Indianajo, I should have specified electronic. I said digital, mostly because its a term that the guy who owns Classic Organs in Carmel tosses around, mostly when referring to his new electronic organs, and I guess they are digital for the most part, and produce their sounds that way. The whole playing with a touch screen or whatever doesn't really matter to me: I am looking for an instrument that will give me a similar experience to what I get on any church organ, so that I can practice repertoire and hymns.

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  • indianajo
    replied
    Well, why Andy moved this to church pipe organs is a mystery to me. If you want to do both theatre sounds and church sounds, you want some sort of home organ.
    Depends on what you want to spend and how much maintenance you want to do. There are a lot of analog organs in middle Indiana that are 30-50 years old and need all the electrolytic capacitors replaced to keep functioning. dw15xxx has been touting an Allen T12 at a church in Indy with two gyro speakers, that has 32 princess pedals. The number of sounds is rather limited, and there is no vibrato internally, it is all in the 2 huge gyro speakers.
    The church electronic organ people like Roger, Allen, and Johannus, but the maintenance on the digital ones of these if you need it is factory only after the T12 and transistor oscillator generations of Rogers, and very expensive. They tend to have huge cases and don't do theatre organ vibrato at all. Other than the T12/Rhapsody Allens with the undersized Princess pedals, and the rubber keyswitch plastic cased Rogers that often have major keyboard issues at 20 years, these are very expensive to purchase, also. There is a Rogers theatre model that people look for on theatre organs for sale here on organ, not very common and not cheap. I've never seen one for sale on craigslist or searchtempest.com within my 600 mile search range.
    Digital theatre organs in the US are pretty limited to the Roland Atlier and Lowrey, and Atliers are very rare used in Indiana. They fall of the trees like oranges in Florida where New Yorkers take them to die, but that is a $600 mile drive in a U-haul truck or $1000 for professional movers. Beware 2 digit models like the AT90, many had capacitors that leaked and dissolved the PWB's, so they can be unrepairable if something happens. There are a few techics and Yamaha organs around, fairly old, you might be able to get a few years out of one of these before serious professional maintenance is required. The Yamahas and Technics appear to be also rubber keyswitch, which appear to me to have all the longevity of plastic pop band keyboard. You see people on repair thread looking for keyparts for Yamaha frequently.
    I'm not sure why you want a digital, but maybe you like fiddling with screens to set up your sounds, or playing along with the canned rhythms built in or something. If you are that kind of player, digital Lowreys would be your cup of tea. I'd rather watch the grandchildren sing along with a kareoke machine, but it is up to you. Lowreys under 20 years old can be quite expensive, and the ones in the 20 -25 year range had some ****y IC connectors that some of the do it yourself guys have found unrepairable.
    I personally like my Hammond H100, which has way more sounds than your BV, and are common as dirt in central Indiana. A guy in Colombus rejected buying one last month for <$100. They have 25 pedals, theatre and hammond B vibrato, a stereo leslie simulator, a church like 1/3 hz "celeste" stereo vibrato, reverb. The sounds are programmable in the back with the screw panel, and since they have real 16' bass (not foldback) and more high sine waves than the BV model, the sound can be much more orchestral. The keyclick of the BV , crosstalk, and other distortions nave been eliminate by better tone generator design, which drives the people wanting a B3 nuts. But after 71 capacitors are replaced, they have the reliability of any Hammond, for 25 years or more until the capacitors need it again. Serial numbers under 11211 may need a few tube sockets replaced and they all need 16 wirewrap connections soldered, and possibly 3 or 4 cheap potentiometers upgraded. All maintenance that can be done by most amateurs and any guitar amp repair shop, certainly. The sound is instant command, tabs and "preset keys" and drawbars calling up the sounds, no fiddling with menus on screens or canned styles or anything like a modern digital. The H100 has a surplus precious metal plated contact for "cymbal" or "brush" which would lend itself to midi conversion if you want to fiddle with computers for your sounds. Like I say they are built for the ages like any Hammond, but unlike BV will need about 75 parts replaced in one go at purchase, then you can forget it except annual oiilng for 25 more years.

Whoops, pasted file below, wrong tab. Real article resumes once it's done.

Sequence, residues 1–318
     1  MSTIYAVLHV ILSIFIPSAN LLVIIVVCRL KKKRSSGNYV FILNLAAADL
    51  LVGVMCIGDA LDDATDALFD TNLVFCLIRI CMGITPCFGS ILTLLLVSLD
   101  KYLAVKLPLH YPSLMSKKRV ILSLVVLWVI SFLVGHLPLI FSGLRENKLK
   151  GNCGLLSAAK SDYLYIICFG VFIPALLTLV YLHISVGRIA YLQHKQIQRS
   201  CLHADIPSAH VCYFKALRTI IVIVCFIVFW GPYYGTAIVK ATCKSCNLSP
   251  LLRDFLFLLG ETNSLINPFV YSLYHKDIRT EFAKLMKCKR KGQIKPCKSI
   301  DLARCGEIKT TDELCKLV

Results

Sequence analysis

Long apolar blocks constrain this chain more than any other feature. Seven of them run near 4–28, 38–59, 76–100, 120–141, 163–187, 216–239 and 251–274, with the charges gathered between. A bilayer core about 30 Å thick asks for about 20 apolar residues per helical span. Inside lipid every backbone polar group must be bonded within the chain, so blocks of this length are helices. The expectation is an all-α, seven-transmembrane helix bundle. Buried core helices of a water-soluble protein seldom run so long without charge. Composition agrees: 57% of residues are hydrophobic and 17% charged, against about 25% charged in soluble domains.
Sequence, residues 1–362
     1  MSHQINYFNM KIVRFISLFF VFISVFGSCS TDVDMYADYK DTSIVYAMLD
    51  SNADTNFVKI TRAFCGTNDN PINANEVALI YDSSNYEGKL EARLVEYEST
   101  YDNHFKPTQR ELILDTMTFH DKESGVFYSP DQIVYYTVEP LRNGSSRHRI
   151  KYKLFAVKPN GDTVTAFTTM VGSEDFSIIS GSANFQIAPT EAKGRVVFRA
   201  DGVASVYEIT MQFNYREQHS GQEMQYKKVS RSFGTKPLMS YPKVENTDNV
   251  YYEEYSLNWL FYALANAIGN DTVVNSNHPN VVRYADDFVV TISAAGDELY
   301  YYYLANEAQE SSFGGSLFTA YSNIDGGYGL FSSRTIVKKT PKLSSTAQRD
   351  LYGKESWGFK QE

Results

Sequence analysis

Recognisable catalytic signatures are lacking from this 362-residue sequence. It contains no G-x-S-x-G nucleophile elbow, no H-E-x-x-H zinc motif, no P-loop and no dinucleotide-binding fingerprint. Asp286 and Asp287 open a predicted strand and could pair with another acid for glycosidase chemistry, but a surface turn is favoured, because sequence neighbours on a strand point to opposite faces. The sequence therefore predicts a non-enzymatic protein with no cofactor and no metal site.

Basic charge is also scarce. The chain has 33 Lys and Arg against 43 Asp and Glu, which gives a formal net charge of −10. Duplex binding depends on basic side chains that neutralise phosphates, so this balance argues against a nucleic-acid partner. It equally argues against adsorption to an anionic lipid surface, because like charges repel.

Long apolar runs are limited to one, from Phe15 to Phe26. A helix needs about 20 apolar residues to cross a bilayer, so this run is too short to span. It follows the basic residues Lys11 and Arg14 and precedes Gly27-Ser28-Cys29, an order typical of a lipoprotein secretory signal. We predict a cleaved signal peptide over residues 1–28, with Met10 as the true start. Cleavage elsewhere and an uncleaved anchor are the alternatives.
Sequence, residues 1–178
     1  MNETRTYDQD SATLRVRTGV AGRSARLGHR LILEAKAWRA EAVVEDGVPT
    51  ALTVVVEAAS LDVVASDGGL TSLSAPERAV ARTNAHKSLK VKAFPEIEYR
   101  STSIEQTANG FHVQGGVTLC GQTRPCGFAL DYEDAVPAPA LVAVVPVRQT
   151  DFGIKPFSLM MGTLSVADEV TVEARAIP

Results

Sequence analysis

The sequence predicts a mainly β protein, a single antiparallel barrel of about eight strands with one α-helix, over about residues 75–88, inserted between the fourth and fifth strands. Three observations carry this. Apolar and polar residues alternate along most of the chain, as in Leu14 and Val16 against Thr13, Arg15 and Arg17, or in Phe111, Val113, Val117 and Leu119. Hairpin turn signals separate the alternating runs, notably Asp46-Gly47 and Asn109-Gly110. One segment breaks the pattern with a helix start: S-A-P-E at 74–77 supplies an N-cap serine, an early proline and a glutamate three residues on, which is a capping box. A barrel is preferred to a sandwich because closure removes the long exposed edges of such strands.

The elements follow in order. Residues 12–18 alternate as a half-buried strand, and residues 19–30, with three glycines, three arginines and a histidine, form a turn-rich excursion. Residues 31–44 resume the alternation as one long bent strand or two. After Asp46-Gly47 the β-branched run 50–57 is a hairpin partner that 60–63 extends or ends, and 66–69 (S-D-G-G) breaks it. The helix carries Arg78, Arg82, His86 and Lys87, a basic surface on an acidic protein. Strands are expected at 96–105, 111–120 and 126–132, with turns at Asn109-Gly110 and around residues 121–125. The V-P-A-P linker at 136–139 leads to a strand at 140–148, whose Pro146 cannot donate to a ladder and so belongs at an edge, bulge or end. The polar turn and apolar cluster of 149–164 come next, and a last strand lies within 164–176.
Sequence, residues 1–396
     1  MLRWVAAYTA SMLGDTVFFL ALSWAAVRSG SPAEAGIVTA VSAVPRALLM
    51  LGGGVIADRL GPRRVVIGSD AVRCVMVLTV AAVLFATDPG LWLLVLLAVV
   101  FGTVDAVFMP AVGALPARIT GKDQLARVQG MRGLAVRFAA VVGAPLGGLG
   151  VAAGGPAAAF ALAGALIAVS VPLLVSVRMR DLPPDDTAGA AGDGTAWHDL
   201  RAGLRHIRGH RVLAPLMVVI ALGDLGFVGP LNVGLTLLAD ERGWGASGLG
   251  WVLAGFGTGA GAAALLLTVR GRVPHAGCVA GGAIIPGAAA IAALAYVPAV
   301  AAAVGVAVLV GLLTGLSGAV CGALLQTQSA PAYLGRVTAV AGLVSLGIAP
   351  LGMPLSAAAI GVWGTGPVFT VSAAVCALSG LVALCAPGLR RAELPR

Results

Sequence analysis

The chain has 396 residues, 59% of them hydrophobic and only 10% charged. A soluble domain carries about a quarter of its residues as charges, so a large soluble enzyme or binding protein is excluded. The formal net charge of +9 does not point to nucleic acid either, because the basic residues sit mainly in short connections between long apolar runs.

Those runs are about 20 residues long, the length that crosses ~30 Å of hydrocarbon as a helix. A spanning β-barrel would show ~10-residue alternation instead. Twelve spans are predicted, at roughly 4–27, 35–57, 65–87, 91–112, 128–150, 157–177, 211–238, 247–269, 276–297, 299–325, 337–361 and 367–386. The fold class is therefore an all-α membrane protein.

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  • andyg
    replied
    Note: Moved from Home Organs to Classic and Church Organs where it belongs and your duplicate thread deleted to avoid confusion. Andy - Moderator.

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  • Momboc
    replied
    Any ex-church 61 note x 2 manual plus 32 note AGO pedalboard organ would probably do e.g Allen MOS1, MOS2 or ADC classical models or their Rodgers equivalent. Throw the following searches into google to get the CL listed organs.

    allen organ site:craigslist.org/msg

    church organ site:craigslist.org/msg

    rodgers organ site:craigslist.org/msg

    Also try:

    http://barton.theatreorgans.com/adsearch.asp
    and enter 'church', 'allen', 'rodgers' or whatever into the keyword field and run the search


    good luck

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  • RODDDIEHL
    replied
    Offset manuals contain less than 61 notes. Full 61 note manuals line up with each other.

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  • JDBECK8
    replied
    ClergetMusic,

    There is a fellow in INDY who posted an Allen TC-1 and speakers a few weeks back

    http://www.organforum.com/forums/sho...ght=allen+gyro

    Dont know how close that is four you, but it is AGO spec console, 2 manuals, and such.

    Jeff

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  • seamaster
    replied
    You'll get a better response here:
    http://www.organforum.com/forums/for...ctronic-Organs

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  • ClergetMusic
    started a topic Looking for a Home Organ

    Looking for a Home Organ

    Hello, all, I'm looking for a digital home organ. I'm looking for something with a decent-sized pedal board (21 notes), pipe organ sounds, and parallel (not offset) manuals. Does anybody know of any models or organs that would work?